heroesHeroes, Samir Karnik (2008, India). Bollywood is not all 3-hour-long rom coms with songs and dances, it tackles other genres and subjects too. In fact, but for the inclusion of song and dance routines, it pretty much covers the same bases as Hollywood. In Hollywood, Heroes would be a serious drama, with a po-faced cast all gunning for an award. In Bollywood, it’s just as serious, but it also features broad comedy and dance routines. A war reporter interviews three soldiers in the Indian Army fighting in, I think, the Kargil War. The soldiers each give the reporter a letter to post on his return to civilisation, but the reporter later learns all three were killed in action. Three years later, a pair of slacker student fail to graduate from film school and need to make a graduation film. A friend in the army prompts them to make their topic “why you shouldn’t join the armed forces”, and the girlfriend of one of the pair puts them in touch with someone who could help… the war reporter from earlier. He gives them the three letters he was given by the dead soldiers – throughout the film they’re referred to as “martyred”, which is just… odd – and suggests they deliver them by hand and make that the subject of their graduation film. So the two load up their motorcycle, and head off to the Punjab to deliver the first letter, written by a Sikh soldier. They discover that the widow and young son are extremely proud of the soldier, as indeed is the whole village. The second letter, they deliver to the wheelchair-using brother of the dead soldier, who used to be a fighter pilot. The ex-pilot now teaches kids to stand up for themselves, but is proud of his brother’s sacrifice. There’s also a jaw-dropping action sequence in a bar when the ex-pilot takes on a gang of rowdies and beats the crap out of them, and pretty much demolishes the bar, first from his wheelchair, and then from the floor after they’ve managed to tip him over. The final letter is addressed to the dead soldier’s colonel and proves to be a request for leave. There’s an unposted card in the soldier’s file, so the colonel gives it to the film students for them to deliver to the family. But the family don’t seem especially bothered, and one of the film students accuses the dead soldier of cowardice for wanting leave during the height of the war. The dead soldier’s mother plays them a tape of her son, proving he was a hero. Heroes is all a bit jingoistic, deliberately so, but it’s palatable because the film is based on the Bollywood model, with songs and dances and daft comedy. Entertaining, but it did lay its “love your country” message on a bit thick.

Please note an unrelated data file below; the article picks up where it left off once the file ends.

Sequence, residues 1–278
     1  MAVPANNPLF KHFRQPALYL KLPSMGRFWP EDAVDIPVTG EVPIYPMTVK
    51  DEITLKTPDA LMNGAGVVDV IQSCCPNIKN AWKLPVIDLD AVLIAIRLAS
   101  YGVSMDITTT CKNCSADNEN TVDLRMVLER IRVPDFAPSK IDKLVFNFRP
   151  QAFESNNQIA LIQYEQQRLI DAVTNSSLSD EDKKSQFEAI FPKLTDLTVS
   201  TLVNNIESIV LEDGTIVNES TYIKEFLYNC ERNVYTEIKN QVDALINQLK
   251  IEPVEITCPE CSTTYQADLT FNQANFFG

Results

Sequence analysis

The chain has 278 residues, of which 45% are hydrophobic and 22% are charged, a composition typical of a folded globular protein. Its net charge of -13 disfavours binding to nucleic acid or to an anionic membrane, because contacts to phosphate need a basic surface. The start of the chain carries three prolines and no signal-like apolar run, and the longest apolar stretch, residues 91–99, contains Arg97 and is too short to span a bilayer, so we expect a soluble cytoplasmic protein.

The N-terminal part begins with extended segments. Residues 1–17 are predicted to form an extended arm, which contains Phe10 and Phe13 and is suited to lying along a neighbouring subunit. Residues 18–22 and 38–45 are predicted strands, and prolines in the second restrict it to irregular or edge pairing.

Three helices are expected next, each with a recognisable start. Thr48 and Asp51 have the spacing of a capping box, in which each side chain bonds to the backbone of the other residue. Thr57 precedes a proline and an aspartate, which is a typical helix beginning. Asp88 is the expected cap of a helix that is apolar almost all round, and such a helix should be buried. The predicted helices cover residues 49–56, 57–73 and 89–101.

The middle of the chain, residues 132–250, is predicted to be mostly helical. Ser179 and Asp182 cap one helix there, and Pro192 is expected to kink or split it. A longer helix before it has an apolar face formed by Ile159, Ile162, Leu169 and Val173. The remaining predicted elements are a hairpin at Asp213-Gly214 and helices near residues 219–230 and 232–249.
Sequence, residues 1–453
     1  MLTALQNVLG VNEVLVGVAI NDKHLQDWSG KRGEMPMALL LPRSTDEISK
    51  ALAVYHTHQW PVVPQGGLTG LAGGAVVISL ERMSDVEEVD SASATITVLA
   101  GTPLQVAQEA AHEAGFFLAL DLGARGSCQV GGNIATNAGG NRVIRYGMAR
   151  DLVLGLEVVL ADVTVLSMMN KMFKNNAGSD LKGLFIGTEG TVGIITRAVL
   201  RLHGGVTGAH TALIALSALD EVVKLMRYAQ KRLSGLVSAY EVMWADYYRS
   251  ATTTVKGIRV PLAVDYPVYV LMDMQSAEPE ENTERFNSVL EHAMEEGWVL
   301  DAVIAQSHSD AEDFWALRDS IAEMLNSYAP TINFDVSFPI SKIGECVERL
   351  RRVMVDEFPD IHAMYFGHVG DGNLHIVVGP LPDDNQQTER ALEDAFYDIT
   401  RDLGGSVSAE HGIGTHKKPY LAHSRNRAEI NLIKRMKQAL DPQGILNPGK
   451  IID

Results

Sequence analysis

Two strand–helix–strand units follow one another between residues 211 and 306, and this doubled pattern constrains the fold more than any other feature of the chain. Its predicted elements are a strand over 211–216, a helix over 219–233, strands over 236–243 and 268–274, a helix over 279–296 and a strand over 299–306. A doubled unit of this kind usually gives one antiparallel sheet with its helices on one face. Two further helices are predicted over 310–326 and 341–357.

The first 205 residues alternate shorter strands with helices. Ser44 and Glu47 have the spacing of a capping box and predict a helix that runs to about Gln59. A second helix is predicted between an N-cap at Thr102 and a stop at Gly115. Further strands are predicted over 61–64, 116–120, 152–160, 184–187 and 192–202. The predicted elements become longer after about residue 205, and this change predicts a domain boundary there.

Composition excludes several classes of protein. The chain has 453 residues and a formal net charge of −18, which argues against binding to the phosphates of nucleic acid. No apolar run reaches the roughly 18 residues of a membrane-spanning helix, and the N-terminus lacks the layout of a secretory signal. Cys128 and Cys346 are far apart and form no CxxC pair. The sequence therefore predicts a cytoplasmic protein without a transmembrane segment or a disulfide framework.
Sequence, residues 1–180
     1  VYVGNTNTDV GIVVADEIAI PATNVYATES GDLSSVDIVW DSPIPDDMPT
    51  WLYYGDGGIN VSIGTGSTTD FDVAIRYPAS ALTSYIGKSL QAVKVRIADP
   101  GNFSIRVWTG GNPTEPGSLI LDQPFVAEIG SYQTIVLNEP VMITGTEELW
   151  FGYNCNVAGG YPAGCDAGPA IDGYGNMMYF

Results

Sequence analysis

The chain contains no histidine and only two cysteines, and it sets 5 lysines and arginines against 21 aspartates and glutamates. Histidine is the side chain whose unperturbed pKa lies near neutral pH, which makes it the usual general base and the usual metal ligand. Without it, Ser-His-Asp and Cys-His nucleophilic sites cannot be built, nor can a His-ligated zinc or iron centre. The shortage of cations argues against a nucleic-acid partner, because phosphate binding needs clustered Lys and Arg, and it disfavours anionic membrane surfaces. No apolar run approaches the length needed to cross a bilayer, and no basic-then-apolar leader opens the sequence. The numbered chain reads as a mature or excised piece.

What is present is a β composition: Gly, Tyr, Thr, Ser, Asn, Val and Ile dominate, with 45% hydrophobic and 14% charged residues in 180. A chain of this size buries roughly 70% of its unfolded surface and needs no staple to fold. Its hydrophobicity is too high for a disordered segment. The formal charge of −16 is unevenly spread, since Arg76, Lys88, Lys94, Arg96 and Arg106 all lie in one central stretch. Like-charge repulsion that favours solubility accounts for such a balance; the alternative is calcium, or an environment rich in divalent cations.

1001 Movies you Must See Before You Die count: 833


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Moving pictures, #53

I think I’m managing a decent balance of countries in my film-viewing – France currently scores highest after the USA and UK (then Germany, Japan, Italy, Russia, Canada and Sweden…). But I would like to improve it. I’ve found a good source for African films, and emailed them to ask if they deliver to the UK – but no reply yet. Some other nations’ cinemas are much harder to find films… like Albania. It apparently has a thriving film industry, has even produced a handful of festival favourites… but finding copies on DVD is proving difficult. I shall continue to look, however. Meanwhile…